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‘Tis the Season to Raise Chickens

Chickens can also get frostbite (Photo - Trina Moyles)

New holiday traditions are being made—and laid—in Linda and Troy Johnson’s backyard this holiday season. Outside, the Christmas lights twinkle on the newly constructed chicken coop while inside, their family enjoys eggs harvested daily and mugfuls of homemade eggnog. “We have more eggs than we know what to do with,” …

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‘Do You Know What ‘Misogynist’ Means?’

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I was rattled last night by CBC’s recent reports that leaked violent, sexually explicit posts on a private Facebook group that was run by fourth year male dentistry students at Dalhousie University. It made me question my own stereotypes of ‘who is a misogynist?’ The group called themselves “Class of …

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Eating My Way North to South in India – Part II

Spicy sauces are cooled by yogurt and coconut chutney in Tamil cooking (Photo - TMoyles)

In continuation of my culinary tales from ‘north to south’ in India… A Meal for the Desert Kings and Queens in Rajasthan It was a two-hour drive to the south from Delhi to reach Rajasthan, the land of kingdoms and camels and stretches of golden deserts. Along the way, we …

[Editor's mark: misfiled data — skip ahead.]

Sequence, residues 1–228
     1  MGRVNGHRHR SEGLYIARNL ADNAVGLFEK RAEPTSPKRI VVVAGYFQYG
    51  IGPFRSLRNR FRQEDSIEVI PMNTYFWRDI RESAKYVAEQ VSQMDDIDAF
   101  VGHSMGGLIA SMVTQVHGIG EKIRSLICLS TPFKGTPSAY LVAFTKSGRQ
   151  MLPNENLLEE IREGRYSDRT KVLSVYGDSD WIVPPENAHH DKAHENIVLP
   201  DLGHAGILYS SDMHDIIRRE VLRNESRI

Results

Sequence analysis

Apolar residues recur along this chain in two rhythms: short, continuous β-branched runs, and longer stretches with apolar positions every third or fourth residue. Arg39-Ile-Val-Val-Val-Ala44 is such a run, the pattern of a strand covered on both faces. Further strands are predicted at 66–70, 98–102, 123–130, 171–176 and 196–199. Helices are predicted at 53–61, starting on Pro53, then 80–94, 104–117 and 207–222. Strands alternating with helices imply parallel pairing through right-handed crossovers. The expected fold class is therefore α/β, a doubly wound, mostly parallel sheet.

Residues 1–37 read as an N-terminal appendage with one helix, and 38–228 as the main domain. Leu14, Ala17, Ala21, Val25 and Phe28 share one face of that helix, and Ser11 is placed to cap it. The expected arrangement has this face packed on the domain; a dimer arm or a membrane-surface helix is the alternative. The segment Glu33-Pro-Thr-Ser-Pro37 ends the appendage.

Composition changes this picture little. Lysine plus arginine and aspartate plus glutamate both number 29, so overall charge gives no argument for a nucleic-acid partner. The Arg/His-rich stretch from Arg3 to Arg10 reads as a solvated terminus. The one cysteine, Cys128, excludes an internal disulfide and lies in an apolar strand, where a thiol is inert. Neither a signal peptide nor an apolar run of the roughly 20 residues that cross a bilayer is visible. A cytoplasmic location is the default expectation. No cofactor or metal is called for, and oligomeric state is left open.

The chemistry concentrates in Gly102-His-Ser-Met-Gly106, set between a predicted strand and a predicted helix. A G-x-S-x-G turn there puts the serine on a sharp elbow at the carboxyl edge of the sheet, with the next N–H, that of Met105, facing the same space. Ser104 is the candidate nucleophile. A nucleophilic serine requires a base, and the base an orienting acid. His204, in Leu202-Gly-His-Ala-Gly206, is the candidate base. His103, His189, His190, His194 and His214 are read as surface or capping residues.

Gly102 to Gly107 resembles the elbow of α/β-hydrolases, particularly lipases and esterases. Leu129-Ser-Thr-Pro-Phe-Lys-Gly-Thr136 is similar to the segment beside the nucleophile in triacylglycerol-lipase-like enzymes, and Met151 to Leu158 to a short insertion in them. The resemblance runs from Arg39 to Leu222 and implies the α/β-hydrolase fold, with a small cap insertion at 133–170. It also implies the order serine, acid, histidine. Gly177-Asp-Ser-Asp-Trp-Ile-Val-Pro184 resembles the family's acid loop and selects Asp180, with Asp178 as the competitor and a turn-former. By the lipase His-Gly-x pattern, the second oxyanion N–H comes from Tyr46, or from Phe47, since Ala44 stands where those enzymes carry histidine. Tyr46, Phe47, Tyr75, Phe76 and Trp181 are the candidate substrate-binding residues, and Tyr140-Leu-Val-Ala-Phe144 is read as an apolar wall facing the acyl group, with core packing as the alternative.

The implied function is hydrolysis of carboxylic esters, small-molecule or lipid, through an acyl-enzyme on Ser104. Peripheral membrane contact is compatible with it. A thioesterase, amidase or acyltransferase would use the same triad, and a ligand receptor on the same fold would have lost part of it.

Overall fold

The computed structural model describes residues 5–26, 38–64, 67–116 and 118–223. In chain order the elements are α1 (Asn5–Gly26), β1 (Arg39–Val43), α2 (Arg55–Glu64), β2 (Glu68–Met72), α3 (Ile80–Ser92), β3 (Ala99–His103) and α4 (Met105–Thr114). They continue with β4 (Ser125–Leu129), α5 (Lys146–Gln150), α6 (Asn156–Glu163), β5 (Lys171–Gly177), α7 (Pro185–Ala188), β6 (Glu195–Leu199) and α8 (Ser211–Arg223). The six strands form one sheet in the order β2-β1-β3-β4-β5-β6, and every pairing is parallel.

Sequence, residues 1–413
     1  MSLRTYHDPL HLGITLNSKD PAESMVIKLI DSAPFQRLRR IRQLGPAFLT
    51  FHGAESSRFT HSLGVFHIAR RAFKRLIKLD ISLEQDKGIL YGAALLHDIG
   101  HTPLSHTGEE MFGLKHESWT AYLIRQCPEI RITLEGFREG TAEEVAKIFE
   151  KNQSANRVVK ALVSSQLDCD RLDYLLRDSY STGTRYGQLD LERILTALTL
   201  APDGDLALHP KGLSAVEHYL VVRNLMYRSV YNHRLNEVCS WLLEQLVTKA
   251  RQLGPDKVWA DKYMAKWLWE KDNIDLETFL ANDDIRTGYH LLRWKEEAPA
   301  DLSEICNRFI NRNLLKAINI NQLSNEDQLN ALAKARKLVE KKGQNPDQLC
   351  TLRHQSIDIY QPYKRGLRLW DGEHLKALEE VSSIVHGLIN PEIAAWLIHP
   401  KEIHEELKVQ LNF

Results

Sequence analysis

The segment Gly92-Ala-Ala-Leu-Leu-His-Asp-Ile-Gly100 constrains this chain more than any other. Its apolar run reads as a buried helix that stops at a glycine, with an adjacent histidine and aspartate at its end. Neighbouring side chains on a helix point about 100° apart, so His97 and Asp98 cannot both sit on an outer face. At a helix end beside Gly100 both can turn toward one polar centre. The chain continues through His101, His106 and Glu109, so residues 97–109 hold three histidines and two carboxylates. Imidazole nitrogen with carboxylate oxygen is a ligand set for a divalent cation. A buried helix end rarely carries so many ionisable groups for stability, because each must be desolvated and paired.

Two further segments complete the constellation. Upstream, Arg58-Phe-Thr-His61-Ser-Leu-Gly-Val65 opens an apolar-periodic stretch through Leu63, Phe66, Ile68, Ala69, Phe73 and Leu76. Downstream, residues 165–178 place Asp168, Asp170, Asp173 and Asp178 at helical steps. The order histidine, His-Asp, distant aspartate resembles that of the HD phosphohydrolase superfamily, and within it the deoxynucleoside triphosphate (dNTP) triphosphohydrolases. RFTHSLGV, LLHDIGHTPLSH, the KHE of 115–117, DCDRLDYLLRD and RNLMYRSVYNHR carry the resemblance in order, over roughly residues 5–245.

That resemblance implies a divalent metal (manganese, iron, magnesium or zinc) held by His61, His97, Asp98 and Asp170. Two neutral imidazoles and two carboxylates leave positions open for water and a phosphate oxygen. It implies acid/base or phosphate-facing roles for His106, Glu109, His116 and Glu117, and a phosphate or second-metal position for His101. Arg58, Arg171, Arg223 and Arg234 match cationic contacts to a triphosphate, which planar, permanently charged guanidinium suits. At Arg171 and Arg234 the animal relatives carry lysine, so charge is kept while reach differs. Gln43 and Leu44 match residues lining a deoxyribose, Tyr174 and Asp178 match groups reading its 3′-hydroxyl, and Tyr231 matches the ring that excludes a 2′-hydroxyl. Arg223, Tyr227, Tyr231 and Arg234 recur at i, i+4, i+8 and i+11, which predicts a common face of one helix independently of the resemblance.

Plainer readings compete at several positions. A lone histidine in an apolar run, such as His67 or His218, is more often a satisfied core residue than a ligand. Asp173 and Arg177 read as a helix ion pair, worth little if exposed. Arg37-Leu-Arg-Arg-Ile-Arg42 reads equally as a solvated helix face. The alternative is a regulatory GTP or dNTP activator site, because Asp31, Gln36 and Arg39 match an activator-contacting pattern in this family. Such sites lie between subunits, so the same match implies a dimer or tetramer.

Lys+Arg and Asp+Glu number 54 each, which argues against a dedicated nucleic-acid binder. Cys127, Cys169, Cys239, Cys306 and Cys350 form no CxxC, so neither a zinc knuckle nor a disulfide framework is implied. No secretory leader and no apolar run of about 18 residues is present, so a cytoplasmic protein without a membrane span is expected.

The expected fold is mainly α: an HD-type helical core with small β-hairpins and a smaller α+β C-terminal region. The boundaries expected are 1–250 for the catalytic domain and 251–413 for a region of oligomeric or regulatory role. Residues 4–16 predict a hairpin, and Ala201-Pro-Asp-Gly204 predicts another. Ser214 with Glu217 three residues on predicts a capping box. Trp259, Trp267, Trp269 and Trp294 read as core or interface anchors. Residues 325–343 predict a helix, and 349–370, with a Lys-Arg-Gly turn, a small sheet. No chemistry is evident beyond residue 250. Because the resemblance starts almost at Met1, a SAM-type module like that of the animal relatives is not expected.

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Eating My Way North to South in India – Part I

Tibetan dumplings, or 'momos' in northern India.

A whirlwind visit to India in late October was more than enough to tease and please the senses and stomach. Let’s just say I came for the research with woman farmers and found myself absolutely head over heels in love with India’s food culture. Forty-two meals in fourteen days: from …

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In Need of Light – Diwali in India

Diwali, a 4-day Hindu celebration of 'light over darkness'

Last week’s lament about small farmers was saturated in angst. It wasn’t something I spun from thin air, it wasn’t from a gut emotion, spat out for the fun of the exercise. My frustration is a product of the many conversations I’ve had over the past twelve months with small …

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A Eulogy for Family Farmers on World Food Day

WFD 2014: Year of the Family Farmer

Tomorrow, October 16, 2014, is World Food Day. On the 69th World Food Day, the Food and Agriculture Organization (FAO) has chosen to celebrate The International Year of the Family Farming (IYFF). It’s a noble gesture on the FAO’s part – considering the historical and current efforts made by family …

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Culture Shock & Stovetop Pumpkin Pie

My Ugandan attempt at Canadian Thanksgiving! (TMoyles)

Okay, I’ll admit it: I’m homesick. I’ve got a serious case of longing for Canada these days. I’m coming on two years (albeit for a brief hiatus in early 2013) in Uganda and good ole ‘culture shock’ has finally snuck up on me. These days, I am longing for the …